Maurianna Adams, who served as co-chair of the mayor's task force, said she and other task force members had no say in the appointments and weren't even aware the appointments were being presented to council Tuesday.
The first round of commissioners were appointed to two- and three-year terms. In the future, all will be appointed to serve three years.
The nine commissioners are:
Valerie Couch, at-large member and chair, term expires September 2025
Ralph Crawford, Ward 1, term expires September 2025
Cindy Nguyen, Ward 2, term expires September 2024
Councilwoman Barbara Young, Ward 3, term expires September 2025
Leslie Shaw VanBurskirk, Ward 4, term expires September 2024
Brian Wall, Ward 5, term expires September 2025
Ana “Deisy” Escalera, Ward 6, term expires September 2024
Marsha Herron, Ward 7, term expires September 2025
Rhonda Hooper, Ward 8, term expires September 2024
What members say the new commission will bring to OKC
Herron, Ward 7 commissioner, said she hopes the new commission brings the city's residents together in new ways.
The commission, which can address complaints related to employment, housing and public accommodations, will offer more people "a seat at the table" and a chance to have their voices heard, Herron said. The discrimination could be based on race, color, religion, creed, sex, gender, national origin, age, familial status, genetic information or disability.
"The hope is that as we look at situations, as we evaluate, we just keep in mind the decency that everybody should be afforded in this life," Herron, who directs Student and Organizational Success for the Oklahoma State School Board Association. "I think you can sleep well at night if you know you had a hand in making sure that everybody was looked after. When it comes to being accountable at the end of my life, that is what I want on my record."
In addition to its task of receiving and investigating discrimination complaints, the commission is required to put on at least one annual public education event, "to educate the public regarding human rights concerns."
Nguyen, appointed to the commission by Ward 2 Councilperson James Cooper, said it will be important to learn from Oklahoma City's history of excluding certain communities in addition to recognizing there are still excluded and vulnerable residents.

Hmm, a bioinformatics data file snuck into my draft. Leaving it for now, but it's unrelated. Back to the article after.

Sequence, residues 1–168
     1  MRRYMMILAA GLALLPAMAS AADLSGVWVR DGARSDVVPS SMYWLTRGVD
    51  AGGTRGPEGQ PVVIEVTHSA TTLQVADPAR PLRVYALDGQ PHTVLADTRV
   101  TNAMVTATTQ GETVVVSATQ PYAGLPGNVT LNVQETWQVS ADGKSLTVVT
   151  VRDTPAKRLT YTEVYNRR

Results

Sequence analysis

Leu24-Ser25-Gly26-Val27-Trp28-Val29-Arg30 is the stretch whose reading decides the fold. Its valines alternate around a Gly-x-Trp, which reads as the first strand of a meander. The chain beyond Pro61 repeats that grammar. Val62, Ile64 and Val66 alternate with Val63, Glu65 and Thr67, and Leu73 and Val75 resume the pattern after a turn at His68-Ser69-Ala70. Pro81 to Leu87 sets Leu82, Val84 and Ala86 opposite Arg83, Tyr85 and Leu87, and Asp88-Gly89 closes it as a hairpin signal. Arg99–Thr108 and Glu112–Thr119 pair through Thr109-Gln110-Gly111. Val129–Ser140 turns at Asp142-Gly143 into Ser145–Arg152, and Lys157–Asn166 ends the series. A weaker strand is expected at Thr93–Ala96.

"I think the Oklahoma City that some residents get to experience is not the same Oklahoma City that many others do," Nguyen said.
The commission also can recommend policies to the city council, recommend the city council conduct studies or surveys, form advisory committees and will submit an annual report of its activities to the council.
How the Human Rights Commission will address discrimination
Oklahoma City joins Norman, Lawton and Tulsa as Oklahoma cities with human rights commissions. Each receives its authority to address discrimination complaints under the Oklahoma Anti-Discrimination Law, which does not include sexual orientation or gender identity as part of its definition of sex and gender.
The task force recommended adding specific protections for LGBTQ+ residents and giving commissions the authority to provide restoration for discrimination victims to the city's state legislative priorities for 2023.
The commission cannot handle complaints involving a city official or employee acting in their employee capacity, including police officers.
The city soon will seek applications for a paid compliance officer, who will review complaints with a city attorney and determine whether it should be referred to another agency or be investigated by the commission.
An investigation can lead either to dismissal of the complaint or an attempt by the commission to conciliate between the complainant and the accused party. If an agreement cannot be reached, or if the Conciliation Order is broken, the compliance officer can choose to refer the case to an outside agency.
Couch said she wants residents to know the commission is not a legalistic body seeking to punish anyone.
"I think a lot of people think about these commissions almost like courts, where you have a hearing and make a determination," Couch said. "But this ordinance sets up a commission whose power is, in substantial ways, focused on conciliating or mediating disputes."
This article originally appeared on Oklahoman: OKC human rights panel members appointed with controversy